Pirate or patriot? It's up to readers

Abdulaziz Al-Mahmoud's debut novel The Corsair has been a big success in Arabic. Now translated into English, he explains why it is as much a story for English-speaking readers

As Gulf folk heroes go, Erhama Bin Jaber is surely one of the most enigmatic. Depending on who you believe, he was a 19th-century pirate-cum-corsair, a brave seafaring tribal leader who lived in Kuwait or Qatar, who had his own fort in Oman and owned a small fleet of warships from which he wreaked havoc upon those who crossed him. The British, fearful of losing control of the Gulf, simply called him The Pirate. He must have done something right, however: there's a US$2.6 billion (Dh9.5bn) shipyard named after him at Ras Laffan, Qatar.

But there was a problem for the author Abdul Aziz Al Mahmoud when he embarked upon The Corsair, his debut novel chronicling the time of this legendary figure who is feared throughout the Gulf. Even though the stories of piracy were only 200 years old, there was far too much legend and not enough fact.

"Honestly, I really tried to find out who Bin Jaber was," says Al Mahmoud laughing. "And I did come across some British documents. But it was really tough. The general view we have is from historians in what we now call Saudi Arabia, and he was a friend of the Wahhabi general, so they simply assumed he was a good man - even though they never came across anybody who met, stayed or lived with him."

Bin Jaber's notorious reputation is derived in no small part from the one fact we do know: he spent much of his life - and died - fighting his own cousin. Although, Al Mahmoud maintains that he never actually attacked a British ship and couldn't find evidence of him confronting other tribes. "He must have been clever," he says. "If you think about it, if you're an all-out criminal, you're not going to be a friend of a general or a prince."

Still, Al Mahmoud would be neglecting his responsibilities as a storyteller if he made his protagonist dull and thus, in The Corsair, Bin Jaber has no qualms about throwing his own son overboard when he finds he has betrayed him. There is, too, a quest for a priceless sword - lending the book an enjoyably swashbuckling air.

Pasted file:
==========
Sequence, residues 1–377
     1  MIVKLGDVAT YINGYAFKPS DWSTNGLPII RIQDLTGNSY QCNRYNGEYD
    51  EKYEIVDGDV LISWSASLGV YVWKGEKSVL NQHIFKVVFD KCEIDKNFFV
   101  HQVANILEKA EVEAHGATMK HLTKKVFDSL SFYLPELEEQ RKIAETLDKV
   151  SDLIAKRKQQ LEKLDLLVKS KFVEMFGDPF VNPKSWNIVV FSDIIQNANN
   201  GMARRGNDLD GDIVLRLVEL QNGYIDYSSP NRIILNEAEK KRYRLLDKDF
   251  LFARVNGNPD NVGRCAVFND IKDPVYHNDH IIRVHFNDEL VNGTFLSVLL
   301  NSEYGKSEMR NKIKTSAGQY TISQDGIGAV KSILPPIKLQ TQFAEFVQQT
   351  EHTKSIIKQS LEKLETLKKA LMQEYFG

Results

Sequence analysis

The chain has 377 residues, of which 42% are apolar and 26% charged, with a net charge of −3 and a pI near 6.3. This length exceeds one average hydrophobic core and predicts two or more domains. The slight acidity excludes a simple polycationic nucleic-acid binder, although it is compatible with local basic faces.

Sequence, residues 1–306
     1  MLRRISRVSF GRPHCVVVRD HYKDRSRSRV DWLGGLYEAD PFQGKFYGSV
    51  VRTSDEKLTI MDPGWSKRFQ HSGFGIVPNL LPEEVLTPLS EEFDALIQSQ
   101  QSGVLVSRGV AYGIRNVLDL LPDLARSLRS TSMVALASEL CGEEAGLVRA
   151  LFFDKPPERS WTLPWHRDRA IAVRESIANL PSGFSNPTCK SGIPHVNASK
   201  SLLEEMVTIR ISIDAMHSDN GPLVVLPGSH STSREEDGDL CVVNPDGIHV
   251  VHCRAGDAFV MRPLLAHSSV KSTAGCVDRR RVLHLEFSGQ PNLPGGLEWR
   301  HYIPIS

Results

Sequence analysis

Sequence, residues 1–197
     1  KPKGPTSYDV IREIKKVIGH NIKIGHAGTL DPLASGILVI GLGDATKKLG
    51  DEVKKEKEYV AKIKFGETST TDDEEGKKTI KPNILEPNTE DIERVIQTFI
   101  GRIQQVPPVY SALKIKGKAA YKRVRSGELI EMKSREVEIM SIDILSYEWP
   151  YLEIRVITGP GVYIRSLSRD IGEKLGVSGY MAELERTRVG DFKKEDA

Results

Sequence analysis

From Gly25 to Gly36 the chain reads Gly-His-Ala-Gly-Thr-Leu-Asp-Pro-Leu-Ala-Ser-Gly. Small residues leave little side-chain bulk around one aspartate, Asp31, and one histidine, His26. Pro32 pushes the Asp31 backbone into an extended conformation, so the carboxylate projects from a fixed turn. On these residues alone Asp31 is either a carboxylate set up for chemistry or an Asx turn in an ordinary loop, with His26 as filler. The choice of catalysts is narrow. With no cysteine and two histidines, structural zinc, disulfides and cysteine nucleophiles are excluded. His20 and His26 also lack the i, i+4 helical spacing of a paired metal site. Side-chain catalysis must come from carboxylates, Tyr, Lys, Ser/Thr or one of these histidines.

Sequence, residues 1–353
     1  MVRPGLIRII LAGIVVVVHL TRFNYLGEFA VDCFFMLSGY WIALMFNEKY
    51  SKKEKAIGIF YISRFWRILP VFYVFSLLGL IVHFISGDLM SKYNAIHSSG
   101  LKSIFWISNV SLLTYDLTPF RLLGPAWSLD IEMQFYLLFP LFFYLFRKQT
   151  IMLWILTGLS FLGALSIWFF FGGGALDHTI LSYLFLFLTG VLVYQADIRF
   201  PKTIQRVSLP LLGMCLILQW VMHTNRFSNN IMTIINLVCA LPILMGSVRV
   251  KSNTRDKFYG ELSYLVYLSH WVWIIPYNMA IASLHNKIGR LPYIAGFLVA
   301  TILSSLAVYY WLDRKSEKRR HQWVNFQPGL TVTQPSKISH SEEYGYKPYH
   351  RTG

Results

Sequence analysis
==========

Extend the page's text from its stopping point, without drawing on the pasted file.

But Al Mahmoud is most successful in evoking the complicated struggle for control of the trade routes in the early 19th century. Inspired by a British officer's book, The Pirate Coast, that has been translated into Arabic, Al Mahmoud says he wanted to show people that the Gulf wasn't just a quiet, isolated place before the discovery of oil.

"It was a real eye opener," he remembers. "I immediately realised that there were people, war, happiness and sadnesses in this region going back many centuries. But we never really talk about it. Really, we should at least try to understand how people used to live."

It is telling that the writings of a British officer was a starting point because, with the assistance of an impeccable translation into English by Amira Noweira, The Corsair's military history feels strikingly authentic. Al Mahmoud says that studying in the UK and spending some time in the armed forces helped, as did reading about the exploits of the real-life officers - "you could understand their personalities after just a few pages" - but there is an attention to detail here that places The Corsair alongside the likes of Patrick O'Brian's Master and Commander.

"Actually, I wrote it with the full intention that it would be translated into English," he admits. "I do think there is an audience there who are interested in colonialism, how it worked and what its effects were at that time."

It's fair to say the British don't come out of this book with much credit. A consul in Madeira berates an English captain for not studying the enlightened history of the Arab people he calls "backward tribes". Throughout the book, the subtext is that it might be the colonialists who are the pirates, plunderers and criminals, rather than those who simply tried to make a living in their homeland.

"The entire Gulf region was, at that point, under occupation of the British naval force or the East India Company," says Al Mahmoud. "So the book lets you decide whether Bin Jaber is a pirate or a freedom fighter. But in my view, it wasn't as simple as that. People in this region have come across so many conquerors and actually, the only people who engaged in any dialogue were the British."

Not the traditional narrative, perhaps, but then, in The Corsair - as in the Gulf during that complicated time - nothing is simple.

The Corsair (Bloomsbury Qatar Foundation Publishing) is out now